Thankfully, Wooster, Ohio has more to offer culinary-wise than just the South Market Bistro. I have now been twice rebuffed from this eatery. The first time I tried to go, it was on a day that the restaurant was completely closed. Not to be beaten again, I checked the Local Yahoo website listing for the South Market Bistro and picked a day that they would be open for lunch. Unfortunately, it didn't occur to me to also check South Market Bistro's actual website for hours. Sadly, when I arrived at my destination, I discovered that while this restaurant may have been open for lunch in the past, they were now only open for dinner. Crap!
Being that South Market Bistro is located exactly in the middle of beautiful downtown Wooster, I figured there had to be something else good to eat within walking distance. And boy, how! I saw an Italian restaurant called El Grande that looked promising, but what really piqued my interest was when I rounded the corner onto East Liberty and stumbled upon the Broken Rocks Bakery & Cafe. They are located at 123 E Liberty St, Wooster, OH 44691 and can be reached at 330-263-2949.
Here is a shot of the front of the building:
What convinced me to walk through the front door was a little blurb posted in the window talking about how the owner had developed a sourdough culture and that had fueled his bakery and now this cafe. Real sourdough bread? I'm SO there. I was there around 12:45 pm and the place was maybe 1/3 full. Fortunately, my hostess sat me near the front of the building where there was a lot of light coming in through the windows. She handed me the menu and walked away to get my glass of water.
The menu is divided into standard areas, soups, salads, sandwiches, pastas, pizzas, and entrees. The front side is here:
And the back side is here:
Everything is made from scratch and today I had a choice of four different soups. They had tomato and roasted garlic, sausage and lentil, asparagus and shiitake (vegetarian option), and another one that I have now forgotten. Because it was lunchtime, there was also a smaller lunch-specific menu that listed the daily specials.
While I sat there pondering what to order, I decided to take some ambiance shots of the restaurant. First up, the bar area across from my table:
There are additional tables behind the half-wall on the left side of the photo. In the very back of the space is the open kitchen and bakery.
A shot of the lovely table adornments, each table having it's own set of flowers:
Having decided to go with the asparagus and shiitake soup for a starter, my server brought some of their signature sourdough bread and nicely softened butter for me to try prior to the arrival of the soup.
Here is a shot of the bread:
And a close-up of the crumb:
This was excellent bread! A very good example of an Eastern European sourdough. The dough contains a blend of both wheat and rye flours and the sourdough component was not overwhelming in the way that a San Francisco sourdough can be. This had a mildly acidic kick and was absolutely fresh and wonderful. The irregular hole structure in the crumb also tells me that this was a more highly hydrated dough which makes them harder to handle. Clearly this was handmade by someone with knowledge and expertise.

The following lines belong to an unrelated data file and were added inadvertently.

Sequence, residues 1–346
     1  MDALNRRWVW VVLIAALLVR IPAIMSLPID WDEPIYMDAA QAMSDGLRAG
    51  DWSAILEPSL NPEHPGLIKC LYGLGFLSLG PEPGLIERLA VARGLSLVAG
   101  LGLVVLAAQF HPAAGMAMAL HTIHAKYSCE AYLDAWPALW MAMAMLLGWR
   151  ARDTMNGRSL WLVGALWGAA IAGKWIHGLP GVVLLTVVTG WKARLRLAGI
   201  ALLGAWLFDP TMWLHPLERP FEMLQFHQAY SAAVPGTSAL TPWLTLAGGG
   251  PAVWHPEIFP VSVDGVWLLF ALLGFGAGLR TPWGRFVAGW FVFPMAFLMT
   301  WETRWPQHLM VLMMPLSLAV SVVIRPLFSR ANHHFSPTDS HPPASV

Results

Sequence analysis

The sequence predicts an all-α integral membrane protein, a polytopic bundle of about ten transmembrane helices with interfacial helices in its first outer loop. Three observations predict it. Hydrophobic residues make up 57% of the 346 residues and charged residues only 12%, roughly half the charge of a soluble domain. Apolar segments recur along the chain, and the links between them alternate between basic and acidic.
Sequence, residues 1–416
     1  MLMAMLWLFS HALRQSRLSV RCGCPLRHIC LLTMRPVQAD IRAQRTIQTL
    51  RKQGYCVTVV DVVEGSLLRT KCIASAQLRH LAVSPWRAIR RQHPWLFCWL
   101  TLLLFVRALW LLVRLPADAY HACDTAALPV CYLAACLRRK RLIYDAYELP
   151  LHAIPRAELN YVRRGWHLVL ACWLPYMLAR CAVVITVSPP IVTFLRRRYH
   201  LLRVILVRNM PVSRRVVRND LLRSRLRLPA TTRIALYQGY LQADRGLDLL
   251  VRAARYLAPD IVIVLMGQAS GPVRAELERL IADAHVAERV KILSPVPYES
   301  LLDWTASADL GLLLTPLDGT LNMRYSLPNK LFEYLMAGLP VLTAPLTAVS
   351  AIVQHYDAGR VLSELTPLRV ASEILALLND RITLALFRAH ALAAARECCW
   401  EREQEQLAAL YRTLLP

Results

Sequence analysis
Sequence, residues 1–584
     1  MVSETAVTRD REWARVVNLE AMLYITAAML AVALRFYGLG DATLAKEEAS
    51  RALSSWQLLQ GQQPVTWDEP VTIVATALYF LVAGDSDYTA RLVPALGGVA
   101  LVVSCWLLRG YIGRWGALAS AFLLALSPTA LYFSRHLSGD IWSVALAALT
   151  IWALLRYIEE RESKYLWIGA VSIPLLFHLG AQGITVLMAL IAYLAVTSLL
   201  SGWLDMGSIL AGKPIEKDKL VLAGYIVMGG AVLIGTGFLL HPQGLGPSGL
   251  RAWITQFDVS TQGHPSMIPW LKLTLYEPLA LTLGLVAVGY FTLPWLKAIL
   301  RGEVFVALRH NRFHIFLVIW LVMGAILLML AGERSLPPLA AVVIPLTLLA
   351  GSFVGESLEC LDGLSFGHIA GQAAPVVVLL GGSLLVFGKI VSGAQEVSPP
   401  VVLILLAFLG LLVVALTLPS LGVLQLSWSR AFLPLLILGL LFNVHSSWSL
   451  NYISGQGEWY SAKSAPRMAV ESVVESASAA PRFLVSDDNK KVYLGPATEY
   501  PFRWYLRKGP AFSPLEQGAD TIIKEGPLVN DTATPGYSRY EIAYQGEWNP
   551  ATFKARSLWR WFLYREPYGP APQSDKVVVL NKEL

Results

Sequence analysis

Shortly after my bread arrived, my soup arrived:
The soup was hit and miss. Besides the lovely pieces of asparagus and shiitake that were in the soup, it also contained bits of onion and potato as well. The concept for the soup was a good one, but it missed in two ways. First, the soup base was not pureed well enough. This meant that the potato could be "felt" on the mouth. This gave the soup a gritty texture as opposed to a smooth one. Second, the soup lacked a flavor punch. It wasn't that the soup lacked salt; it didn't. But it just didn't have the kind of character that grabbed hold of your taste buds and didn't let go.
For my sandwich, I decided to go with the Blue BBQ burger with Jo Jos. Here are some shots of the burger and "fries":
The burger is a half-pound ground beef burger from a locally sourced farm served with Maytag blue cheese, a homemade spicy BBQ sauce, a honey Dijon mustard dressing, and lettuce and mild red onion served on some of the bakery's focaccia bread that has been split and grilled. I ordered it medium and that was how I received it. This sandwich was fantastic. The burger was hot and juicy, the various toppings and sauces all complimented each other so well and the Maytag blue cheese added the nice sharp, salty flavor that really brought everything together. The grilled focaccia also helped to keep the integrity of the sandwich as there was plenty of liquid coming out of this guy.
Jo Jos, for those of my gentle readers not from the northeast Ohio area are simply potato wedges that are baked or more commonly fried. Sometimes they are battered, sometimes not. These jo jos were simply fried until crispy on the outside and creamy on the inside and then treated with a bit of seasoning. Served with a side of ketchup, I wouldn't call them the ultimate version of this Ohio delicacy, but certainly a tasty version.
After the bowl full of soup and the 1/2 pound burger and jo jos I had just enjoyed, the thought of dessert was simply too much to think about. However, I did decide to take a photo of the dessert menu, in case you want to check it out:
Doesn't the Apple Pecan Crisp sound just delicious? Yum. Next time I go back to Broken Rocks, I'm definitely going to have to check out the actual desserts they serve.
I'm very happy that I stumbled upon the Broken Rocks Bakery & Cafe after my original plans were dashed. I'm also happy to discover that Wooster is much more than a one-restaurant destination stop. If you are planning a trip into Wooster, or if you already happen to live there, I heartily recommend you stop in and try some of the delicious bakery and restaurant items that they have to offer.